Monday, October 12, 2015

Review of 'Situated Learning and Education 'By John R. Anderson, Lynne M. Reder and Herbert A. Simon


The paper critics the four central claims of situated learning in education specially in mathematics namely, (1) action is grounded in the concrete situation, (2) knowledge does not transfer between tasks, (3) training by abstraction is of little use and (4) instruction must be done in social environments. The authors argue that further research in cognitive psychology find stronger and productive links between psychology and mathematics as compared to that of situated learning as also supported by Lesh and Lamen (1992 p. 18-19). At present, two movements, situated learning and constructivism guide the educational research. Constructivism being primarily a philosophical concept whereas situated learning having empirical consequences. Situated learning (Lave 1988; Lave and Wenger 1991; Greeno, Smith, Moore, 1992) emphasis they learning takes place when present in a context and it stands true for all aspects of education. This movement have brought light to what is learned in the classroom and what is needed outside, in the larger world. However, the authors argue that not all claims of situated learning are accurate thus discussing each of the four claims with empirical data.

Claim 1: Action is grounded in the concrete situation

This being the central concept of situated learning, the authors believe that it is exaggerated to all forms of education, especially mathematics. A frequently cited example if Carraher, Carraher, and Schliemann’s (1985) account of Brazilian street children who could easily perform mathematics related to sales were unable to solve similar problems in a school context. Thus, the real life situations do not generalize to school context. And surely, the converse does not stand true. Thus it calls for closer analysis and a need to achieve balance between generality practiced in schools and its applications in the real world scenarios. In other words, it stands for contextualization of learning stated much earlier by (Godden & Baddeley 1975; Smith, Glenberg & Bjork 1978). There are also examples of divers where learning takes place across contexts and of failures of context sensitivity that often frustrate researchers. Thus the concept of learning being bound to the context, depends on the kind of knowledge. One general result is that knowledge is more context bound when it is just taught in a single context (Bjork & Richardson-Klavehn, 1989).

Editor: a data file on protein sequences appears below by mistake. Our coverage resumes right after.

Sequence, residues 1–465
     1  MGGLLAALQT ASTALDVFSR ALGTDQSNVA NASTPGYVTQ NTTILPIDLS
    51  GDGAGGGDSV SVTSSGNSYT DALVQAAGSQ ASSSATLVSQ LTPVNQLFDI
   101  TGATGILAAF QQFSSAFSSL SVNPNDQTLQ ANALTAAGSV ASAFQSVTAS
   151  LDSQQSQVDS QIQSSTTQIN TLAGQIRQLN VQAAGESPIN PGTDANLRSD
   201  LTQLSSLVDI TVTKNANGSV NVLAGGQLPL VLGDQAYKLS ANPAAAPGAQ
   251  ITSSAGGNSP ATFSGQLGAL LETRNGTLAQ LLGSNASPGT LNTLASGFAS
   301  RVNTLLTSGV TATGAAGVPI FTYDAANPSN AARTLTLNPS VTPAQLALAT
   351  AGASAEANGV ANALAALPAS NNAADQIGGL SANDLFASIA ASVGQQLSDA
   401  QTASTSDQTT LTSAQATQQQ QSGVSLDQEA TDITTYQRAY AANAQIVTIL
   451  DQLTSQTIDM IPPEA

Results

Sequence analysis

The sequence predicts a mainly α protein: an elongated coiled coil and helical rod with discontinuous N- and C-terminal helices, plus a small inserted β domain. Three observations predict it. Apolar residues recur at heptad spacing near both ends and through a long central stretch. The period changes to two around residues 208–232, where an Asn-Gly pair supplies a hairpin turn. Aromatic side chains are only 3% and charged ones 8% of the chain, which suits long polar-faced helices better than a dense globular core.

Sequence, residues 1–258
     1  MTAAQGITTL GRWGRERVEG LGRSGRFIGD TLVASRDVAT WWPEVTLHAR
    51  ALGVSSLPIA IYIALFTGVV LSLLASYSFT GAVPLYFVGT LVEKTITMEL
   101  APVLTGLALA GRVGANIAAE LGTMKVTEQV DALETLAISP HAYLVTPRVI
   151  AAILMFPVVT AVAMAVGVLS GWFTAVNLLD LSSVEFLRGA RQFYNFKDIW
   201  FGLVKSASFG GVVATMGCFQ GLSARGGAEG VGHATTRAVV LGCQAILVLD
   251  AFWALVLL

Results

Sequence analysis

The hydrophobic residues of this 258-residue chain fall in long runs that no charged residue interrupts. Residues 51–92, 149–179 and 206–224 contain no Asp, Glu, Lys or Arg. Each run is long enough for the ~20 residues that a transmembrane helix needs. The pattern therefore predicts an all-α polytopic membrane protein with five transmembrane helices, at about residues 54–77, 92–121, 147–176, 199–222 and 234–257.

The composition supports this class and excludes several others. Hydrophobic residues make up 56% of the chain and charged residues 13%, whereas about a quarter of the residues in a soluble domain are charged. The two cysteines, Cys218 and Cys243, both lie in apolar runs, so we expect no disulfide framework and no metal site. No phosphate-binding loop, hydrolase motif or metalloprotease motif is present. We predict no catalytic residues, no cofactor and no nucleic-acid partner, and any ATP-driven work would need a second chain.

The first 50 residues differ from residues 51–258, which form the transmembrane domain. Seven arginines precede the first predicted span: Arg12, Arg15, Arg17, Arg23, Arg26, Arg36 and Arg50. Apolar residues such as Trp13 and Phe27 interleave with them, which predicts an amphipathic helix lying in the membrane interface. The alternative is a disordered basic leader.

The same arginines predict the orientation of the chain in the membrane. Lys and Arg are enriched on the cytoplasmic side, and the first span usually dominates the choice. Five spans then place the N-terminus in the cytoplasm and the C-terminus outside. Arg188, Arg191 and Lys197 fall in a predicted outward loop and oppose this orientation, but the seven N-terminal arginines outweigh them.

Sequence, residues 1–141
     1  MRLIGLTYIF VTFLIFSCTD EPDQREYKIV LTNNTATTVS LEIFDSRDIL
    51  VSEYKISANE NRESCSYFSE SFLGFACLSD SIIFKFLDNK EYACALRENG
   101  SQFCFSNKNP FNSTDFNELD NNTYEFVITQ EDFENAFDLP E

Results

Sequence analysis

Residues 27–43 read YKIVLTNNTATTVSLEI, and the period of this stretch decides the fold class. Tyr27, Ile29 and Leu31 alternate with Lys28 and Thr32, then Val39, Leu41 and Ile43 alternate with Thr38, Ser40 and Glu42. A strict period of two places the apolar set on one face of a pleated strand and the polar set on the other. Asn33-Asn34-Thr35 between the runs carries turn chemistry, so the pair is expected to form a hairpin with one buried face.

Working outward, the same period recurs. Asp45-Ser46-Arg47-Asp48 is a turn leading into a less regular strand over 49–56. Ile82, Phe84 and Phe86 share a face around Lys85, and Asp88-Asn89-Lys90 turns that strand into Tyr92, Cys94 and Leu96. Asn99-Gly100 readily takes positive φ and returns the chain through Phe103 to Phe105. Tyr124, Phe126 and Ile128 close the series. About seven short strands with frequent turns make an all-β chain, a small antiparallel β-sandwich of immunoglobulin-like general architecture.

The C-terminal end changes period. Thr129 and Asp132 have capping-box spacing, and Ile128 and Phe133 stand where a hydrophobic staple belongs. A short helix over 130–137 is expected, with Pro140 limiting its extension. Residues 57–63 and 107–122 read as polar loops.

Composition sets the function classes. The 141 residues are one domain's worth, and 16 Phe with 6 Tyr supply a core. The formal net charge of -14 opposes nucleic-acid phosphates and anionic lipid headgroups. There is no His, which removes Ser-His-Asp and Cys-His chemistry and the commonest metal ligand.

To Lave’s (1986, 1988, p. 195) comment of school-taught mathematics serving only the arbitrary class structure, the authors sternly argue with numerous studies showing moderate to large correlation between school achievement and work performance (Hunter & Hunter, 1984); Bossiere, Knight & Sabot 1985). They also suggest further research on the hypothesis “context-independence of mathematical knowledge”.

Claim 2: Knowledge does not transfer between tasks

This claim is actually corollary to the first to which the authors refer Weber in 1944 and Fechner in 1858 who demonstrates large, modest, no or even negative transfers in psychology. The relationship however depends on the experimental situation and the material learnt prior to it, the amount of practice and the representation of the transfer task. Recent studies show failures as well as successful transfers of knowledge. Transfer between tasks is a function of the degree to which the tasks share cognitive elements (Singley & Anderson 1989). Also, a number of studies point out that transfer is enhanced if exposed to multiple examples. (Bransford, Franks, Vye & Sherwood 1989).